Donald J MacLeod (Letters, 16 April) comments that, in the referendum, a majority of “native-born” Scots voted Yes, whereas majorities of those born elsewhere in the UK in one instance or outside the UK in the other voted No.
Although he draws no conclusion, one is drawn to ask what Mr MacLeod’s point is.
Is he congratulating those born outside Scotland on their good sense and ability to see through the fog of Nationalist hyperbole, or is he rather indicating that it was “real” Scots born and bred north of the Border who voted Yes?
Alas, I suspect that it is the latter. If so, is Mr MacLeod suggesting that, if one was born elsewhere, one is not a true Scot?
In other words, where you are born defines what nationality you are.
If so, my old headmaster was Indian and many of my schoolmates with fine Scots names were Zimbabwean, Sudanese and Ugandan and the Duke of Wellington, who won Waterloo, was Irish.
It was he who said that not everything born in a stable is a horse, meaning that he was not Irish despite being born in Ireland.
Of course, if using medieval means of identifying nationality, another yardstick should also be employed. As I assume English is Mr Macleod’s tongue, then, according to the terms used by King David I, he too is defined thereby. It makes him English.
Being Scots is in the blood and outlook. It is not a political affiliation.
Andrew HN Gray
I fully concur with Donald J MacLeod’s letter which showed that Scots-born voters backed independence in the referendum. Many other Scottish-born people would have done likewise had they been allowed voting rights.
There are Expats for Independence communities across the world and, as is Scotland’s Union legacy, in an exile that most would gladly end in the event of their birthplace resuming its self-governing nationhood.
In my opinion the referendum wasn’t all it could and most likely should have been, as it excluded many people compelled abroad by the very issues that impelled the referendum, and which have urged the SNP into majority government in Holyrood.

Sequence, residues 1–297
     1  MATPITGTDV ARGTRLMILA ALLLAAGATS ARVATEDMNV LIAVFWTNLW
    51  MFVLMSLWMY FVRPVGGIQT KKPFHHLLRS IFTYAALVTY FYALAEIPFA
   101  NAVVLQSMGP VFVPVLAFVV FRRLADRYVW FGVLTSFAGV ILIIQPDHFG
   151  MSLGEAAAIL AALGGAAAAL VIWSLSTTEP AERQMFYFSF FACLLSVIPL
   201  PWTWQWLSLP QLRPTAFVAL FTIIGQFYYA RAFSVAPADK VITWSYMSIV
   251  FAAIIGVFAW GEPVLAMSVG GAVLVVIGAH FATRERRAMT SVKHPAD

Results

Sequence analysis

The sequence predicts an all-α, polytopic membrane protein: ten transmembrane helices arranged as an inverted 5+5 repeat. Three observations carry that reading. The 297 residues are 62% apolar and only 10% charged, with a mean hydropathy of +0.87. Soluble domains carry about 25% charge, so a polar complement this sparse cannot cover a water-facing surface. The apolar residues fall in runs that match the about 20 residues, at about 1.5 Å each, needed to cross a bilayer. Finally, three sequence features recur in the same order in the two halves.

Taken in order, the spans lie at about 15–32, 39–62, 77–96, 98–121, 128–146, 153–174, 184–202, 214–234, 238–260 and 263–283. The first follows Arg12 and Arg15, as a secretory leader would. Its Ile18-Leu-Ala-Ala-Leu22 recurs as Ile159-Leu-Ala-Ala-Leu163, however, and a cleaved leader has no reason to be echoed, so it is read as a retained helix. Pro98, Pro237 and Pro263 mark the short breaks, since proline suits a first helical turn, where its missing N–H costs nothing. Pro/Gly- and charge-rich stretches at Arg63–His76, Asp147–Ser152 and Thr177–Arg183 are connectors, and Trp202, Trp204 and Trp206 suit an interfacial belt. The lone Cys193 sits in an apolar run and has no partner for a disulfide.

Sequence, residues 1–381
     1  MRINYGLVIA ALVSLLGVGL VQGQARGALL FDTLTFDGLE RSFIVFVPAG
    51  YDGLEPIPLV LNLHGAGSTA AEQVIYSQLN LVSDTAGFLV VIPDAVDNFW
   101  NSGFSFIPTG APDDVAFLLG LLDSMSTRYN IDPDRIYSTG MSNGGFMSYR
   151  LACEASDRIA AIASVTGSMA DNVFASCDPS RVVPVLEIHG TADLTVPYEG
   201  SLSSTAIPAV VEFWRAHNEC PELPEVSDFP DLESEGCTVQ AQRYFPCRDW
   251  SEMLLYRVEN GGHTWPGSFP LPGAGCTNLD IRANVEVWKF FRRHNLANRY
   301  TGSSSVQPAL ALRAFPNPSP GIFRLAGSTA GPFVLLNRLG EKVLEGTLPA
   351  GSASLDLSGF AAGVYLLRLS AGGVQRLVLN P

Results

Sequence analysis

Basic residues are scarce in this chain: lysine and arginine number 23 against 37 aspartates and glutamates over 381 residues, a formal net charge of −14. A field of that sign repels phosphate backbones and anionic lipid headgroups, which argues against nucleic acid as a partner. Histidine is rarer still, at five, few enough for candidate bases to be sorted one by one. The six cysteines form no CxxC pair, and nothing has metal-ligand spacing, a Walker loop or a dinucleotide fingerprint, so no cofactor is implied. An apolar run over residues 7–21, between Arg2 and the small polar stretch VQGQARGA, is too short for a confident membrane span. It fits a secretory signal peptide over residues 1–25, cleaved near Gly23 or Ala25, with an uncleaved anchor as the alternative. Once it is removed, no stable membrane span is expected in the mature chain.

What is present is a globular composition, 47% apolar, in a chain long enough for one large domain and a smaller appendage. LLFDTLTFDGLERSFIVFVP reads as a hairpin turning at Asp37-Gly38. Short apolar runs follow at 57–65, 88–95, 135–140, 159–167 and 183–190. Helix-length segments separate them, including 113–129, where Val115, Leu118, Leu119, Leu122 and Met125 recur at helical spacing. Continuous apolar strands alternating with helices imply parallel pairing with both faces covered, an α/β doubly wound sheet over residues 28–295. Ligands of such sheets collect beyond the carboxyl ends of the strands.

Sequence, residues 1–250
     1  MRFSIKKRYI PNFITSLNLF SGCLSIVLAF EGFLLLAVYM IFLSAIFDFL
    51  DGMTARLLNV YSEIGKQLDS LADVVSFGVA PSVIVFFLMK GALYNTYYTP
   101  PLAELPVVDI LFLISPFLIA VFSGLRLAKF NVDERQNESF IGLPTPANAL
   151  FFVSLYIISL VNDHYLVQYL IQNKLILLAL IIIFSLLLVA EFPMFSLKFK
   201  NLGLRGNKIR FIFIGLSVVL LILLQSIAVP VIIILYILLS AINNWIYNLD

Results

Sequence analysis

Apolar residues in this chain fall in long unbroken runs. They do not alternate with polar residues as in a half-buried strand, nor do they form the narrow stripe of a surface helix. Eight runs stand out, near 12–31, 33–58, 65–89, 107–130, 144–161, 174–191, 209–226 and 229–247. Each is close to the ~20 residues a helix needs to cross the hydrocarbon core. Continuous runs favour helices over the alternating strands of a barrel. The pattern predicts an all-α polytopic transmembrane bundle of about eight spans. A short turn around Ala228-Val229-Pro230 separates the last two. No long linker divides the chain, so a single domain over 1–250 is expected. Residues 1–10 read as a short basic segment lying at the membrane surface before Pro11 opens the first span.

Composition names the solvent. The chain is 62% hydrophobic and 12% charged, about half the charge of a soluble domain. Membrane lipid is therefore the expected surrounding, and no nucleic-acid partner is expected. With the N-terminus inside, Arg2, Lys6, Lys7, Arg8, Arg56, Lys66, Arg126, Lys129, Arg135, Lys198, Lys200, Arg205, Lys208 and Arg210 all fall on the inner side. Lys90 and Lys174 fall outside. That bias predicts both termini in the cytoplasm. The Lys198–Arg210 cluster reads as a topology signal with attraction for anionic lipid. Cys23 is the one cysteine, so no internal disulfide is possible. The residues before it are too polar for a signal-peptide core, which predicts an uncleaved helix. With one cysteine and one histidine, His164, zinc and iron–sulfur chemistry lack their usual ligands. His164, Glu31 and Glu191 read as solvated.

That so many were permitted to vote who, as analyses of the voting suggests, had scarce interest in their country of residence, and had they been called on to pass the sort of nationality test that has been routine for UK citizenship, would have failed in the case of domicile in Scotland.
Both the sentiment and the rationale behind confining the referendum voting to residents in Scotland were mainly admirable, but there were many discrepancies too, such as those of short-term residential intentions having the option to decide the future of a country that their future wouldn’t be part of.
This contrasted with expatriates eager enough to participate in deciding the future of the country in which they were born.
There are parallels with what was seen as a pre-referendum controversy that revolved around people from outwith Scotland being appointed to top positions in several national organisations and projects that ostensibly, if not essentially, required considerable experiential knowledge of, and similar interest in, what can be described as the cultural environment of these positions.
To simply say “these things don’t matter” is simply to dismiss a country’s history, and part of that history, in the case of Scotland, was a parliamentary Union.
Likewise, to say “but we don’t live in the past” is to refute the fact that today will be part of the past sooner than most of us relish.
Donald J MacLeod failed (studiously?) to inform us of the source of his analysis of the referendum result. I wonder if he would be prepared to do this. There was only one question on my ballot paper.
Donald J Macleod needs to pay more heed to “lies, damned lies and (the misuse of) statistics”. The parenthesis is mine.
We should remember that pre-referendum polls indicated that the less educated, less successful section of the electorate was more likely to vote Yes and the more aspirational to vote No.
The pattern of voting seemed to bear this out and the figures quoted by Mr Macleod are further confirmation of this bias.
We should be concerned that the future of our country came so close to being decided by those least able to assess the consequences of their action.
(Dr) A McCormick